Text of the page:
Russia is preparing to put to sea a revolutionary underwater weapon—a long-range, high-speed, nuclear-powered, unmanned underwater vehicle (UUV) with a thermonuclear warhead. The weapon is intended primarily for use against ports and coastal cities, with some Russian reports claiming a secondary role of attacking U.S. aircraft carriers.
Originally known as the “Status-6 Oceanic Multipurpose System,” the drone was named “Poseidon” by President Vladimir Putin in 2018 after a “naming contest” for new Russian weapons. As early as September 2015, U.S. Department of Defense officials reported the development of the underwater drone carrying a nuclear warhead to attack coastal cities. It was given the NATO reporting name “Kanyon.”
The existence of the program was first reported in the West—in a Washington Free Beacon article by Bill Gertz—after a 10 November 2015 Russian television show revealed some details of the weapon. A document shown during the program said Status-6’s purpose was to “damag[e] the important components of the adversary’s economy in a coastal area and [inflict] unacceptable damage to a country’s territory by creating areas of wide radioactive contamination that would be unsuitable for military, economic or other activity for long periods of time.”
Subsequent Russian accounts assert the Poseidon can operate as deep as 3,300 feet at speeds of more than 50 knots. Some sources report it has a multi-megaton warhead, with Russia claiming 200 megatons. While such a large warhead is probably an exaggeration, the potential effectiveness of even a smaller warhead deployed in this way would be considerable. The UUV’s development has been rationalized as part of several ongoing Russian efforts to get around U.S. ballistic-missile defense systems, including the Aegis Ashore systems installed in Poland and Romania.
The Russian document—said to have been “accidentally” made available to the television show—stated that the UUV would be carried externally by modified Project 949/Oscar SSGNs and another submarine type, unidentified but with project numbers 09851 and 09852. Plans announced at that time called for a prototype to be completed by 2019. Subsequent Russian reports cited a force goal of 30 or 32 such drones, with two drone-carrying submarines to be operational in the Northern Fleet and two in the Pacific Fleet in the near future.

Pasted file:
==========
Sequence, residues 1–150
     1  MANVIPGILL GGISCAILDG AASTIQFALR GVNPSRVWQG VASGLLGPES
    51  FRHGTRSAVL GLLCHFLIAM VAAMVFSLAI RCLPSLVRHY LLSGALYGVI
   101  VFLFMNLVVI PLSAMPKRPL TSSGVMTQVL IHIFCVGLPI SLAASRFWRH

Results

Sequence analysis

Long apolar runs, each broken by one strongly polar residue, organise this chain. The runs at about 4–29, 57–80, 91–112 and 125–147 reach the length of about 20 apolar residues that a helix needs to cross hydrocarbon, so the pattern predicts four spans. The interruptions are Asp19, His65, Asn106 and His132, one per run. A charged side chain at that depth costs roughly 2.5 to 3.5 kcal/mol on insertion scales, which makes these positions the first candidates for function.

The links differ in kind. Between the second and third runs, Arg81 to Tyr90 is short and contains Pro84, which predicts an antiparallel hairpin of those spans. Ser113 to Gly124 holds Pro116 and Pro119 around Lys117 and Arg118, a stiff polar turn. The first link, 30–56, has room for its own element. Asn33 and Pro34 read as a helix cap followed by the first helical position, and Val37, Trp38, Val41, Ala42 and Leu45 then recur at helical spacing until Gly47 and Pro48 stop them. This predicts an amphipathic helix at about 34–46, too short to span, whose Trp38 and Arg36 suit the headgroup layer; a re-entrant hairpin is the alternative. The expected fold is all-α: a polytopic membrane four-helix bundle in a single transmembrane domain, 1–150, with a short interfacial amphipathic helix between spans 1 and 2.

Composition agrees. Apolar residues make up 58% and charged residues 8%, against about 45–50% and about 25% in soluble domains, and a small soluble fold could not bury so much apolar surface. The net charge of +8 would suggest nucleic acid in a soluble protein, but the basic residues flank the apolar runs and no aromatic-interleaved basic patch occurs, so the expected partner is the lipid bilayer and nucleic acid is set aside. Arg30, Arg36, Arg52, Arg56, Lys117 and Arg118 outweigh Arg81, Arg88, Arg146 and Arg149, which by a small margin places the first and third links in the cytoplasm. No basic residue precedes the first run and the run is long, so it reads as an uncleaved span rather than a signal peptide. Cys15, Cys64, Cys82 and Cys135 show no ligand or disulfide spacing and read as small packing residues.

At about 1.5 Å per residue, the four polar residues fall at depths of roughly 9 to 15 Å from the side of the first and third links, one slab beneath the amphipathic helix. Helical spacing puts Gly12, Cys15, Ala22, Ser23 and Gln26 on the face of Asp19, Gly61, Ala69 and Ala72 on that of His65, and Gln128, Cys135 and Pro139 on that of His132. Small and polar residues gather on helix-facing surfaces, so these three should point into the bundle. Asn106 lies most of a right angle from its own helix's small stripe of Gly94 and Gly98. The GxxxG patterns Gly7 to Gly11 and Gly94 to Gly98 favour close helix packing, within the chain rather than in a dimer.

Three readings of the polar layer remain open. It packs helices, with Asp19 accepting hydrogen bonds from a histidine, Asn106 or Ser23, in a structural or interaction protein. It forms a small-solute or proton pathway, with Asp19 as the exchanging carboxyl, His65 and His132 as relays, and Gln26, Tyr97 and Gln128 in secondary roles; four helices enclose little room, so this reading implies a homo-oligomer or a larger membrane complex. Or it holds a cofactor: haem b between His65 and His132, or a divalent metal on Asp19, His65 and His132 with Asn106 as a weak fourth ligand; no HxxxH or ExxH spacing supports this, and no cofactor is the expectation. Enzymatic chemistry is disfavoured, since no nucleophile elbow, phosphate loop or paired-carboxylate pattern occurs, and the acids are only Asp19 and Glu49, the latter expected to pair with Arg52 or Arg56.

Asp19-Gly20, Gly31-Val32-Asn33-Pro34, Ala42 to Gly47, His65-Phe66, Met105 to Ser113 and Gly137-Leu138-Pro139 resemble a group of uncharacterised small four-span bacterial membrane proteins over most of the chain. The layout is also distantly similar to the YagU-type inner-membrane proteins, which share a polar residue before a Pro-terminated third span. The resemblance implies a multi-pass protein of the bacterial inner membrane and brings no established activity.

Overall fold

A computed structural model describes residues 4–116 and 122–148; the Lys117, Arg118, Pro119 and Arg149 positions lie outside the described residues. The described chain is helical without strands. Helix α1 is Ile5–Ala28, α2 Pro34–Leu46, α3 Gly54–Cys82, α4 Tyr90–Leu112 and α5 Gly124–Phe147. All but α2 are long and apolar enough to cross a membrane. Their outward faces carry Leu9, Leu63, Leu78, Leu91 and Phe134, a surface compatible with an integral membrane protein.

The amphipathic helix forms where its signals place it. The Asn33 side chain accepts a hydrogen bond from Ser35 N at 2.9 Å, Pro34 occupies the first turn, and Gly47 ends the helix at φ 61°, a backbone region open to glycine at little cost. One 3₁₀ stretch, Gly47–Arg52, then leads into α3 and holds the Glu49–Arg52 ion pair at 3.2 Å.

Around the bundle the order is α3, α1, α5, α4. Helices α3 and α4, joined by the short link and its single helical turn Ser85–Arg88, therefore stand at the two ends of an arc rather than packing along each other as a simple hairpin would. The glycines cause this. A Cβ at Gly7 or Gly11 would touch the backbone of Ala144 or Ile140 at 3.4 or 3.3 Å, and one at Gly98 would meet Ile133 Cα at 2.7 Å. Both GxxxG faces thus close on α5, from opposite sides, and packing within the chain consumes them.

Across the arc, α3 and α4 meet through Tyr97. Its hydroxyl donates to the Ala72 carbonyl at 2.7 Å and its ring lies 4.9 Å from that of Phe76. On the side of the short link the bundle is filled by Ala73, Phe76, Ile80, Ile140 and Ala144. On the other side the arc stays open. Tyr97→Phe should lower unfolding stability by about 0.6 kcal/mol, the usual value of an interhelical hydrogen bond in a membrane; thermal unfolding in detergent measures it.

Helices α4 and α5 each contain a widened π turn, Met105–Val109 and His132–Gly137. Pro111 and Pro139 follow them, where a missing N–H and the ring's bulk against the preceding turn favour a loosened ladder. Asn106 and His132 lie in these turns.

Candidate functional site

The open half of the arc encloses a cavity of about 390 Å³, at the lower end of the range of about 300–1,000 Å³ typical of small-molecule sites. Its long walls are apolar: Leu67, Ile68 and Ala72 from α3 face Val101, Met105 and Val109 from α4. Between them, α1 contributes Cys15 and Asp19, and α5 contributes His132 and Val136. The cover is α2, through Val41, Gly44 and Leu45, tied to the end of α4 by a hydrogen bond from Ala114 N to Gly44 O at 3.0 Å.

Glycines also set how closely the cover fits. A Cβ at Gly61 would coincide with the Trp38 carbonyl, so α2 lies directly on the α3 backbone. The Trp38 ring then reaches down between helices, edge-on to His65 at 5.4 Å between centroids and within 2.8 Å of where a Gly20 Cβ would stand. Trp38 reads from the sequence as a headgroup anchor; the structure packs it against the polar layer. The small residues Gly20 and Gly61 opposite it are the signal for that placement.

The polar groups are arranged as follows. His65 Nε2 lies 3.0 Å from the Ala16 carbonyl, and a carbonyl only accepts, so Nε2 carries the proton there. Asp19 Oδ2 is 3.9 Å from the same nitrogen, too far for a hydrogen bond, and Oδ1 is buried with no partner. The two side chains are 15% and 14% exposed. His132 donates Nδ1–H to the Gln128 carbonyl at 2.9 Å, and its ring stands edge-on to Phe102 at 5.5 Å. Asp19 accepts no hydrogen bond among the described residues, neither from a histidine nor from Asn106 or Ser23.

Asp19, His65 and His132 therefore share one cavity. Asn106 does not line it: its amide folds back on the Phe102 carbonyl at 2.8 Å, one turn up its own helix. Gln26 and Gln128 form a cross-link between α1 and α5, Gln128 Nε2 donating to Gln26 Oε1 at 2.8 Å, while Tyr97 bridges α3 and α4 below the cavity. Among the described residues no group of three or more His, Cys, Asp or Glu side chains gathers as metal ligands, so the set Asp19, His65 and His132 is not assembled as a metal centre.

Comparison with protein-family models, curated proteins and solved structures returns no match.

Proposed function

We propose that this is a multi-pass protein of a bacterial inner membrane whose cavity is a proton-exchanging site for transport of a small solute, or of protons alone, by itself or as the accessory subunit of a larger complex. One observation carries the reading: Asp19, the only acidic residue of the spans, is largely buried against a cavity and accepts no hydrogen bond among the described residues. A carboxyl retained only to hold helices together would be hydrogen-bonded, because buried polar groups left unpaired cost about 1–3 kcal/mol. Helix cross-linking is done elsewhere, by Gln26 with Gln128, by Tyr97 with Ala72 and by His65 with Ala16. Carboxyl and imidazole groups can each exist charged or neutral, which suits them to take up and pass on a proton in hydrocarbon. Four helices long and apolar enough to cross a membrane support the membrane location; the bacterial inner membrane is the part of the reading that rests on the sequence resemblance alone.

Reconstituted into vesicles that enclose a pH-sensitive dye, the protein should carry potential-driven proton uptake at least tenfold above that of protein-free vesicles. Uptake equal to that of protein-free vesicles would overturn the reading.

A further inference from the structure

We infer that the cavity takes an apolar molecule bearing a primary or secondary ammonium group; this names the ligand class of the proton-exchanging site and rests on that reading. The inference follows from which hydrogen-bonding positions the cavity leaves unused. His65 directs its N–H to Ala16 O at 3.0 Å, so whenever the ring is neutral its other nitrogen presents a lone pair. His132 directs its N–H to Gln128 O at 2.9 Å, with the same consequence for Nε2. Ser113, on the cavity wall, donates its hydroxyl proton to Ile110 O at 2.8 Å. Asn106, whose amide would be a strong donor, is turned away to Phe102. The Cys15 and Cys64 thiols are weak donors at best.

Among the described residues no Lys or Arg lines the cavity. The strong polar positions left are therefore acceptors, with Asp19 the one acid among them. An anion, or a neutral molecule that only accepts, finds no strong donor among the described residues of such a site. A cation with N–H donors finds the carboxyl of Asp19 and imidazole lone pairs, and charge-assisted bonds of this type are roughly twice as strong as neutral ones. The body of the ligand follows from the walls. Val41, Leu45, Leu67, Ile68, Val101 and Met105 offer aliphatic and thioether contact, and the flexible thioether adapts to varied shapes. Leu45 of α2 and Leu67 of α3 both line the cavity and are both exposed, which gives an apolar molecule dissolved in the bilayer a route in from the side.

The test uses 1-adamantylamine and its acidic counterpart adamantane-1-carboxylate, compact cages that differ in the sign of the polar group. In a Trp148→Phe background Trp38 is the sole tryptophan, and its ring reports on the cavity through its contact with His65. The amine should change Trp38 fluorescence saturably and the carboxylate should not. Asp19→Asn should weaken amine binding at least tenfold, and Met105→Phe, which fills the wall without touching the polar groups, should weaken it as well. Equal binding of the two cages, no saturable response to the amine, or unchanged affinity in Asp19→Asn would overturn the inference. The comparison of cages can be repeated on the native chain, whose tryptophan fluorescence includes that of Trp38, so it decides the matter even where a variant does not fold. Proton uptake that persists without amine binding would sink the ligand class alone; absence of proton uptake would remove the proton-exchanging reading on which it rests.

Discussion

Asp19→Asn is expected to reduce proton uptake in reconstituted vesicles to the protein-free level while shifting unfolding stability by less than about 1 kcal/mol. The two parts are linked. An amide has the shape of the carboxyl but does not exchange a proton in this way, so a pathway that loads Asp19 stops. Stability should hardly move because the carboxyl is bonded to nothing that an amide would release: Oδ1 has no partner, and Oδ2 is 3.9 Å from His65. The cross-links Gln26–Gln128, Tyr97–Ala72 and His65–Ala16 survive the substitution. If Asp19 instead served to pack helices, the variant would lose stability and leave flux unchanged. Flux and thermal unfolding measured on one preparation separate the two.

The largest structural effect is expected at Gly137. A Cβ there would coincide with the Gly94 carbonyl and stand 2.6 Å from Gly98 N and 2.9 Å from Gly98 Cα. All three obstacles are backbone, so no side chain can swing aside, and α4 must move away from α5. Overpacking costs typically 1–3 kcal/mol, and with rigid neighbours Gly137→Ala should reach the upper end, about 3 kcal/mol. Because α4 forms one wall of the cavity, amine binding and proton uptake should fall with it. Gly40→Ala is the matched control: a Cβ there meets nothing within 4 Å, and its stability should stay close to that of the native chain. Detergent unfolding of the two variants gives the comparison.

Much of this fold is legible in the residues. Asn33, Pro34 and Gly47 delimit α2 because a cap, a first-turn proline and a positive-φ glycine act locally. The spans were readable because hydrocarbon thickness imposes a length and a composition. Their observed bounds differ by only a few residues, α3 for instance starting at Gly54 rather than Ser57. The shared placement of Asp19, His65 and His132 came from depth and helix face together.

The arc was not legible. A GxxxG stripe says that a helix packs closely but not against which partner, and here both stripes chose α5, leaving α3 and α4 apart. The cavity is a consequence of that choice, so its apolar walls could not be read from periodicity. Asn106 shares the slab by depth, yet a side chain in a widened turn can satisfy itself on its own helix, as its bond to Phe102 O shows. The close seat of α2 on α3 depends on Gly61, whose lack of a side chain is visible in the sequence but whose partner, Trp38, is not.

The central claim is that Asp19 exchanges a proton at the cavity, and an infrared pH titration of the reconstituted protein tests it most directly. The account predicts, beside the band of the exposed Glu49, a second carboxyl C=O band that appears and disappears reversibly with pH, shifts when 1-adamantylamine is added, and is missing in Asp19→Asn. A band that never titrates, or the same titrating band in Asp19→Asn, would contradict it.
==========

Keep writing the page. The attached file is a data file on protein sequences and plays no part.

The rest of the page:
The weapon’s potential target list of cities and major ports places it in the category of a “strategic” weapon, i.e., capable of striking an enemy’s homeland. However, the UUV concept is not addressed in the U.S.-Russian strategic arms treaty, nor in the now-being-discarded Intermediate-Range Nuclear Forces agreement. As there is no known U.S. equivalent even under discussion, it appears unlikely that the Russian government would agree to the limitation of such a weapon without a major U.S. concession in another weapon category.
The drone-torpedo concept resembles the original Project 627/November nuclear-powered submarine initiated by the Soviet Union in the early 1950s. (See “The Big Torpedo,” Naval History, February 2018.) That submarine was to carry a single, massive T-15 nuclear torpedo to attack coastal cities and naval targets. The T-15 was to have a diameter of just over five feet and a length of approximately 77 feet while carrying a thermonuclear warhead, but the project was canceled following Josef Stalin’s death in March 1953. (The November class entered service as the Soviet Navy’s first nuclear-powered attack submarines in 1959, minus the T-15.)
The Poseidon reportedly is a bit longer at about 80 feet, with a similar diameter to the T-15. In March, The National Interest’s blog reported the Kanyon program began in 1989, with its miniaturized reactor in development since 1992. The blog also reports that the first Poseidon-capable submarine, the Belgorod, was scheduled to be launched in March. The boat originally was laid down as an Oscar-II but has been modified heavily and is officially described as an Arctic-research “special mission submarine.”